The Differences Of Floor Tile And Wall Tile

Tiles form an integral material when designing a house and its interiors. They are mostly used in water-prone zones such as toilets, kitchens, terraces, etc. To merge its functionality with aesthetics, tiles are available in numerous sizes, thickness, designs, details, composition, etc. These can instantly make a space convey the right message through its designs, details, and application.

A lot of people believe the main difference between wall tiles and floor tiles is their size. There is also a widespread belief that porcelain tiles are meant for floors while ceramic tiles are used for walls, which is yet another myth that needs to be dispelled. As it turns out, neither of those statements are true.

But the question is can you use the same tile on the floor and walls?

Unfortunately, the answer is no, these are some of the main differences between the floor and wall tiles that you must be aware of.

First Appearance of Tiles

Generally, floor tiles are larger whereas wall tiles are relatively small. The wall tiles are usually available in more intricate designs and bright colors whereas flooring tiles are mostly larger and relatively plain. Larger tiles are preferred on floors because they result in fewer joints and look seamless. On walls, however, it may look overpowering. Hence, smaller size tiles are preferred for walls.

Also the thickness of a tile is dependent on the function it is supposed to be performing. Floor tiles are meant to take wear and tear of human traffic and be load-bearing – hence, are thicker. In comparison, wall tiles serve a protective function, mainly from water seeping in from the walls, and do not require any load bearing capacity.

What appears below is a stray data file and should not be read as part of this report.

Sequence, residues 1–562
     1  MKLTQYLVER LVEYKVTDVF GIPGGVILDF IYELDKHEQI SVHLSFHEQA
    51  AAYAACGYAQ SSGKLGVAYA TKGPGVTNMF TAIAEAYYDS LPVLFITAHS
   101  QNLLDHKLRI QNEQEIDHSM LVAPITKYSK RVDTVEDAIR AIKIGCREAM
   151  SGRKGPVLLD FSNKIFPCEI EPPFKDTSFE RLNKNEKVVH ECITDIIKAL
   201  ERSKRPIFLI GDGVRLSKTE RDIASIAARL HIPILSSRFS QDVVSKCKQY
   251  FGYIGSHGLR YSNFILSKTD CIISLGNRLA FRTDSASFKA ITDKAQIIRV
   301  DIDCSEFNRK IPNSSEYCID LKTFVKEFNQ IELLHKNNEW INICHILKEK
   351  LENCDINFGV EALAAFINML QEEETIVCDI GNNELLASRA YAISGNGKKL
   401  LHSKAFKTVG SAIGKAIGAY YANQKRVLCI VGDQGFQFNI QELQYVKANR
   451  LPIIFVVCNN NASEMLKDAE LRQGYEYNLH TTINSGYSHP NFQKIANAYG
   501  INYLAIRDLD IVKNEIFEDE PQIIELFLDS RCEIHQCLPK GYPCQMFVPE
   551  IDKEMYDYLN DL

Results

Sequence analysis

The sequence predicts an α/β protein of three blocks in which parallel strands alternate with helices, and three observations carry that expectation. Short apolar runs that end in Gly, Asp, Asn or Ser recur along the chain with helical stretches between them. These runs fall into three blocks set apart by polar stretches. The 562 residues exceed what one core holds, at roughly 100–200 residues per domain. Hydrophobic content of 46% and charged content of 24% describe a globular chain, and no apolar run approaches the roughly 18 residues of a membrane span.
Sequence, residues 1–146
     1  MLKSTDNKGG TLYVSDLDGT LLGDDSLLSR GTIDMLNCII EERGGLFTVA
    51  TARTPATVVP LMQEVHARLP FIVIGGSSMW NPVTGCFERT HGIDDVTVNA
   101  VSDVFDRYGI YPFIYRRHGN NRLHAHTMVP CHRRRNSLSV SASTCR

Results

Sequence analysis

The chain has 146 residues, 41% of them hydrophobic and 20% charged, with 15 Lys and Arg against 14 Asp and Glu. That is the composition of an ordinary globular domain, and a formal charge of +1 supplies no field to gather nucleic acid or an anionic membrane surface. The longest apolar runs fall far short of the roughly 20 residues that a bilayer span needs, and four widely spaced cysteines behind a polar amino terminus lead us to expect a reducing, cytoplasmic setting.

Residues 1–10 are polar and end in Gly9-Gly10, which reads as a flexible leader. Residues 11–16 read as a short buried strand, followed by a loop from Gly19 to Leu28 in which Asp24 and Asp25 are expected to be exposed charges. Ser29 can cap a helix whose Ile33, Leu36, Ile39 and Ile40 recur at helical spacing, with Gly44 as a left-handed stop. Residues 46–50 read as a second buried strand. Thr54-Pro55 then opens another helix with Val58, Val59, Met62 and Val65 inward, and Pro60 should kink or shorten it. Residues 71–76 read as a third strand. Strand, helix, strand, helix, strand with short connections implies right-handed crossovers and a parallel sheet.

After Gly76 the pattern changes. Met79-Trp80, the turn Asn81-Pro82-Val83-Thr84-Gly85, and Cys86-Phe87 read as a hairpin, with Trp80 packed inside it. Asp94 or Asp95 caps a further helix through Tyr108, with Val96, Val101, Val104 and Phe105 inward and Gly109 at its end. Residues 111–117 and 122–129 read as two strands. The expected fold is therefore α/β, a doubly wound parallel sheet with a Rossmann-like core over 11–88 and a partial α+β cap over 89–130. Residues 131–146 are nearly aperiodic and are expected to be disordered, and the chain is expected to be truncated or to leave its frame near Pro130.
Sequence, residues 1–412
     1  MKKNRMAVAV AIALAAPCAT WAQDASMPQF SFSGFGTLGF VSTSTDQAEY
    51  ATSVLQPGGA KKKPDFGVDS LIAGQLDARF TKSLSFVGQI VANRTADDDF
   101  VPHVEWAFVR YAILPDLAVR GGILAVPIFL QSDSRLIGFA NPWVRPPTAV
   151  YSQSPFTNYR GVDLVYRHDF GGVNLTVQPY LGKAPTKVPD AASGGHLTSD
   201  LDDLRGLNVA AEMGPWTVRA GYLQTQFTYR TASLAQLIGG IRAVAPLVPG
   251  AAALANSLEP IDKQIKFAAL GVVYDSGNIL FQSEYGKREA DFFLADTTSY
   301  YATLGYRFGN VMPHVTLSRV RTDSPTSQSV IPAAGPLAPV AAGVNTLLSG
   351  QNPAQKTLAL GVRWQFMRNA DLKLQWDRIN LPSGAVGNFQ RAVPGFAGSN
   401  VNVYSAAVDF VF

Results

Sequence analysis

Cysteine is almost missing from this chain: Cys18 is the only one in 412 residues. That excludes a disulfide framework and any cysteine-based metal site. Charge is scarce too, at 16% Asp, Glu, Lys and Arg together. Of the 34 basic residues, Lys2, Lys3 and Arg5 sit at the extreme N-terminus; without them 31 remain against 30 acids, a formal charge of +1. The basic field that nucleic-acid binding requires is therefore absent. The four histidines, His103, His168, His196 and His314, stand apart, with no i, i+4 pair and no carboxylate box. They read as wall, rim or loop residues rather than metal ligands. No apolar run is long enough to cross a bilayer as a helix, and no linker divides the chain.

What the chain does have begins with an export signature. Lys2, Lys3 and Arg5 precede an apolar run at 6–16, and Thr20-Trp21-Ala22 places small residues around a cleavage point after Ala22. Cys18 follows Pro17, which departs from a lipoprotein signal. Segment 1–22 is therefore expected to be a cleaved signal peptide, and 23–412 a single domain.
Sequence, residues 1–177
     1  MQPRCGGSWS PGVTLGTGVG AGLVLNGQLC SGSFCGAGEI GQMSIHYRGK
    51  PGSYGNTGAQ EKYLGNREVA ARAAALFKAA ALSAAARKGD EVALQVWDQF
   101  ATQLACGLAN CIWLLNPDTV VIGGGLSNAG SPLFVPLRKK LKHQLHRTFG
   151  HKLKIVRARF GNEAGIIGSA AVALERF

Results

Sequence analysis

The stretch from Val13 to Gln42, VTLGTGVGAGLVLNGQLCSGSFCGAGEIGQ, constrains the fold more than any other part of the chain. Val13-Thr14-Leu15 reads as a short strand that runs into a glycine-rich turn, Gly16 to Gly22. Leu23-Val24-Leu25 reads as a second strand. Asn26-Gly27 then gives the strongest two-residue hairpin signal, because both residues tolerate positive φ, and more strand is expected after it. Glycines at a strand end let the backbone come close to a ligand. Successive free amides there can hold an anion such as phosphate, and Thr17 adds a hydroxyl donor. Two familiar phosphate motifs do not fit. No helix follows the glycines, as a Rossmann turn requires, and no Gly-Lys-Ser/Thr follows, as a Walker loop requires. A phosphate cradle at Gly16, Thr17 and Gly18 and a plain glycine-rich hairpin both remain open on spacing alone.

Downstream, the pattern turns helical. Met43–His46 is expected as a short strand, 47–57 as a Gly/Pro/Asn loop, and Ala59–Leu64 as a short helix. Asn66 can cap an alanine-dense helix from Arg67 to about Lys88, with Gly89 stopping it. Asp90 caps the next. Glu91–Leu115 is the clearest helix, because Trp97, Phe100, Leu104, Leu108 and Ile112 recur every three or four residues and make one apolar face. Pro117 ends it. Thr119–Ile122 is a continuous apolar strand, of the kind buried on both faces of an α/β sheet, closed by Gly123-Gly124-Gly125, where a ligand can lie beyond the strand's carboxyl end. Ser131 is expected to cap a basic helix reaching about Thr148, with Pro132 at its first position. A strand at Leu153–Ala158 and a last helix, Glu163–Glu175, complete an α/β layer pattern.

Second Slipperiness

Every type of tile has a Coefficient of Friction or COF rating that determines their slipperiness. Tiles with higher COF have greater levels of friction making them much easier and safer to walk on without any slippage. Therefore, floor tiles usually have a higher COF rating. Meanwhile, tiles with lower COF are relatively more slippery.

Third Strength and Hardness

floor tiles are meant to be load bearing and need to pass levels of durability and hardness. This is determined by a rating called PEI (Porcelain Enamel Institute), which ranges between one to five – five being extremely durable and one being the least. Therefore, maximum rating implies greater durability. Tiles rated one to three can be used for walls, whereas three to five-rated tiles are ideal for floors.

Forth Heat and Moisture Resistance

Whether you opt for ceramic or porcelain wall tiles, they are both almost equally resistant to heat and moisture. This is because your walls do not come in contact with water and hot objects as frequently as your floors do.

As floor tiles are thicker than their counterparts, they display higher heat resistance.

Overall, wall tiles and floor tiles both have their uses and aesthetics. It is just a matter of knowing what’s best for the space in terms of use and look.



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